A combination of higher property prices and rent fees has made it extremely hard for the younger generation to save up for a deposit for their first mortgage. One potential route for those struggling to save money is using a guarantor to help secure the much need financial boost. This short guide explains what a guarantor is and what the benefits of guarantor loans are.
What Is a Guarantor?
To put it simply, a guarantor is somebody who takes responsibility for credit on somebody else’s behalf. If a guarantor takes on this responsibility, then they become liable to make the loans repayments if the borrower cannot afford to do so. On the flipside of that, if the borrower can afford to pay the loan on time and with no issues, then the guarantor will not need to take action and have nothing to be worried about.
There are many different reasons why someone might need a guarantor loan to help secure much-needed finances, and in the majority of cases, it’s down to personal circumstances. If someone has a bad credit history, then they will struggle to get a personal loan as lenders see this as a dangerous risk. However, some lenders will offer loans to those who have a guarantor, provided that the guarantor has a good credit history themselves.
Who Can Be a Guarantor?
Becoming someone’s guarantor and accepting responsibility for paying their debt is not a decision that should be rushed. A guarantor is typically a close friend, a family member or somebody that the borrower has a strong personal relationship with. Most credit lenders require a guarantor to be a homeowner because owning a property gives an extra sense of security and means they are less likely to disappear when repayment is due to be made.
What is The Risk of Becoming a Guarantor?
Becoming a guarantor is a serious financial responsibility. And, in the event that the borrower defaults on their repayments, it may affect the guarantor’s credit file and their chances of securing credit in the future. If you do plan on obtaining credit in the near future, you need to think about the implications that becoming a guarantor could cause you.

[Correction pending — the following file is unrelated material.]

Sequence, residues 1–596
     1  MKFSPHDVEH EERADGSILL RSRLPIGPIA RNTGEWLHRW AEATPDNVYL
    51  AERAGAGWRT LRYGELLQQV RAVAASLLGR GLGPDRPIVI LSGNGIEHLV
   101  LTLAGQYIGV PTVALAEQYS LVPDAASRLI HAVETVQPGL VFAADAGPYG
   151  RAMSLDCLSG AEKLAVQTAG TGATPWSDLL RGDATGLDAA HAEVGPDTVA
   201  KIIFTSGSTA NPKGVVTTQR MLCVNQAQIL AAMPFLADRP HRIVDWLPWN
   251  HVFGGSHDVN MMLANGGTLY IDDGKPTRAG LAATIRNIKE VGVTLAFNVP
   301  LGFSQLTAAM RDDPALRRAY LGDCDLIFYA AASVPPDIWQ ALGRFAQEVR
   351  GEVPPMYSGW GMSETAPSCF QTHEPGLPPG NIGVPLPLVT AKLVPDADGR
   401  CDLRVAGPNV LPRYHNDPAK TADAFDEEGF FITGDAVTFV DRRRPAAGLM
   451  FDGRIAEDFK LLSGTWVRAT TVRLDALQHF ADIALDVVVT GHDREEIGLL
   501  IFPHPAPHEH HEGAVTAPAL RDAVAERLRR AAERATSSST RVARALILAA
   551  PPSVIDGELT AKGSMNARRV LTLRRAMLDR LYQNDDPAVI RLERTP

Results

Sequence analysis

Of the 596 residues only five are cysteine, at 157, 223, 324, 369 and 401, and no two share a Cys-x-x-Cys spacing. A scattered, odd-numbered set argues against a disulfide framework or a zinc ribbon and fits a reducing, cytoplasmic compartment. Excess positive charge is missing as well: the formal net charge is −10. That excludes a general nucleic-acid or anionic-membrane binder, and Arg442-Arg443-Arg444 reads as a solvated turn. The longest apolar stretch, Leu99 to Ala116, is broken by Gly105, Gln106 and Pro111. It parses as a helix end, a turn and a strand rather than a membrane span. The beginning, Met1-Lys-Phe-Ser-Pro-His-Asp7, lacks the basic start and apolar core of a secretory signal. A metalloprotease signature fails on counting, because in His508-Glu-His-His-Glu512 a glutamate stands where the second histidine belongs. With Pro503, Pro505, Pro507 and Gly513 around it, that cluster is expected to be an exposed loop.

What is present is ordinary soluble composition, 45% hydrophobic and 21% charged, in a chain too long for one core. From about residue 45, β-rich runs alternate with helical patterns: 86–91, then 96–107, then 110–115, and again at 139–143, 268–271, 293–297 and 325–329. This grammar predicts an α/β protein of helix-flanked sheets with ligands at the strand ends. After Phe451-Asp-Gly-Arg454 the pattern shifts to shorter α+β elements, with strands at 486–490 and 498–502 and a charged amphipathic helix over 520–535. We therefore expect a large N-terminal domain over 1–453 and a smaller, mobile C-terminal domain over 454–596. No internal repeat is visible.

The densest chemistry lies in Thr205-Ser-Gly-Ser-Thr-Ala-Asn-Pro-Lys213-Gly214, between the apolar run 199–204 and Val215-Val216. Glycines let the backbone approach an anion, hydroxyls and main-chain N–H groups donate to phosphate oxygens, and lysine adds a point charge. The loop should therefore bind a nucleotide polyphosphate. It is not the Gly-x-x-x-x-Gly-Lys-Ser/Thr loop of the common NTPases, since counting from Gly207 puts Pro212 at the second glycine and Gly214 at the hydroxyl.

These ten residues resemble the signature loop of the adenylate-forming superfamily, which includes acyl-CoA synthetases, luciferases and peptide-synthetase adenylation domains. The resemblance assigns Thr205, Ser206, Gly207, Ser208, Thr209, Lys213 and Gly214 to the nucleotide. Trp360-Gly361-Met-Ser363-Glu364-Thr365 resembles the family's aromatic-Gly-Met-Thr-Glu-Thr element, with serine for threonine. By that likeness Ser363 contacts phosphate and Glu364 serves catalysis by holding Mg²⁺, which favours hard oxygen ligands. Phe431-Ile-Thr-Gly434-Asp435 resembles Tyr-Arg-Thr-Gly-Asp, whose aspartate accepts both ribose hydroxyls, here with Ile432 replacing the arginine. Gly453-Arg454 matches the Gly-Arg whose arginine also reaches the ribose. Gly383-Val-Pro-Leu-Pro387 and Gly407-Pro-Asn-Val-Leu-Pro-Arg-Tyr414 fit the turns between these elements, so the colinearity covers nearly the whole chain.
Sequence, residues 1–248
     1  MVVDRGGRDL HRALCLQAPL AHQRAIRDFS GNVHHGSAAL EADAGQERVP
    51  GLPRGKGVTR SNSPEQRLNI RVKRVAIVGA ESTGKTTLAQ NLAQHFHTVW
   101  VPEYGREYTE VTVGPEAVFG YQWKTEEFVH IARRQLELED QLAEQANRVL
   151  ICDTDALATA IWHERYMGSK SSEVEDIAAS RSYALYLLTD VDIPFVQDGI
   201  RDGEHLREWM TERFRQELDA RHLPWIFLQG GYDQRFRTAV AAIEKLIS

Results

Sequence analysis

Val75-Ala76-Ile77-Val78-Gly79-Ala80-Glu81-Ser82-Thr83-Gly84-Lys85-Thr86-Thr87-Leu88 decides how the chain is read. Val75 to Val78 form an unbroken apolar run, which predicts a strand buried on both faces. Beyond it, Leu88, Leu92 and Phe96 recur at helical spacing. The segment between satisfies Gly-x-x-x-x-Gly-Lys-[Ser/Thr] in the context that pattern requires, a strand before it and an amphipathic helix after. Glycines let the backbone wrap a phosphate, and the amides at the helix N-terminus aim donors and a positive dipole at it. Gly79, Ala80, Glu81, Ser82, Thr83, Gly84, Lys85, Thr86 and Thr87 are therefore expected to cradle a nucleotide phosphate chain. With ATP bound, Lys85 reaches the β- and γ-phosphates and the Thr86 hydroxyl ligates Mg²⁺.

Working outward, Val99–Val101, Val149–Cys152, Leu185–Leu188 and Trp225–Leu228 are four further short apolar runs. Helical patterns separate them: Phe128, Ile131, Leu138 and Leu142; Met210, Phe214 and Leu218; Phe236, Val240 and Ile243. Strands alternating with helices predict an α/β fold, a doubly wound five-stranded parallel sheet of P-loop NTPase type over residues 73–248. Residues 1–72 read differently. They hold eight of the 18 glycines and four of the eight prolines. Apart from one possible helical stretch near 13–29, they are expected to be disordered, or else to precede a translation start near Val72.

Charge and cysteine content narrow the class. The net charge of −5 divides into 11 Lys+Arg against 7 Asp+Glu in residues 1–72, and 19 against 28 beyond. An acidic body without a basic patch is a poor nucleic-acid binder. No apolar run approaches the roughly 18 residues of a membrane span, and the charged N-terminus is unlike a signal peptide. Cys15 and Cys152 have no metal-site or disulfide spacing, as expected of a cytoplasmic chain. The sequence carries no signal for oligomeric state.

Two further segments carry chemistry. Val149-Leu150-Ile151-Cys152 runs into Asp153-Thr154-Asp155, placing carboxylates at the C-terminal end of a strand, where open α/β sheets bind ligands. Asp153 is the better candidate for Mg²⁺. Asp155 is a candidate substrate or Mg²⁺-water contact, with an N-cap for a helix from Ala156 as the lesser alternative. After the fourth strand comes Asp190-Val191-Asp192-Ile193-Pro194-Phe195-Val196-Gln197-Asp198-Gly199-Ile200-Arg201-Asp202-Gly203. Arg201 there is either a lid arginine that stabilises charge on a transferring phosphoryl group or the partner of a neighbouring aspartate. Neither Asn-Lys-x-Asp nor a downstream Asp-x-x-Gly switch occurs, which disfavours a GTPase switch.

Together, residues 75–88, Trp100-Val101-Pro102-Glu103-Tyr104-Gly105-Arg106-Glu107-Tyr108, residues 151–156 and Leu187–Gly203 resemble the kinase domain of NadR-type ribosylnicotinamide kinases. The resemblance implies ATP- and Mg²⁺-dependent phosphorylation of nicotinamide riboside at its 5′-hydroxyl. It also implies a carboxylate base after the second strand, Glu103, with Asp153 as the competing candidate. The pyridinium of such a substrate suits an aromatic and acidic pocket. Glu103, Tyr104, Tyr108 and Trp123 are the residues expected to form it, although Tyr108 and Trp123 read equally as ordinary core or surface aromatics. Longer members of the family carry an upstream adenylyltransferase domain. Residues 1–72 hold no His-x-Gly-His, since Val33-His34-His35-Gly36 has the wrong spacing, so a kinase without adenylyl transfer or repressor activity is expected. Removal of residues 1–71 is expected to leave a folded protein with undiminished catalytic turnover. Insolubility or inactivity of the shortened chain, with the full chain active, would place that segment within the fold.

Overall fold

What Is A Guarantor’s Responsibilities?
If you are thinking about becoming a guarantor, then you need to be aware of “joint liability”. This may apply to specific situations where multiple people enter into a financial agreement together. For example, if a parent decides to become a guarantor for their son or daughter that are at university and sharing accommodation with other students, they might potentially become liable for the rent of all those living in the property.
A guarantor agreement will only show up on the credit history of the guarantor if the borrower defaults on the loan. If it is paid on time and the repayments are made in full, then it will not be reflected on their credit score in any way. However, it is vital to examine the guarantor agreement’s terms and conditions to ensure you are clear about your responsibilities.
What Are the Benefits of Guarantor Loans?
Guarantor loans are designed for those struggling to obtain credit from other lenders due to having a poor credit history. As long as you can find someone who is willing to help you with a good credit rating to be your guarantor getting this type of loan is an option for many people to consider. You need to be able to afford repayments outlined when applying for the loan, but the chances of being successful are much higher.
Fast Approval Process
The process of taking out a guarantor loan is a relatively quick one, with most processed and the credit deposited in accounts roughly 24 hours after a successful application has been accepted. If you have found a guarantor that is willing to help you and are in need of unsecured credit, then this offers a great financial solution.
Longer Repayment Terms
The repayment terms generally depend on how much you credit you secure and how much you can afford to repay. They are usually very flexible, with some guarantor loans lasting up to over five years if required, as opposed to payday loans which often gain bad media amongst the UK press for having repayment terms of only 30 days.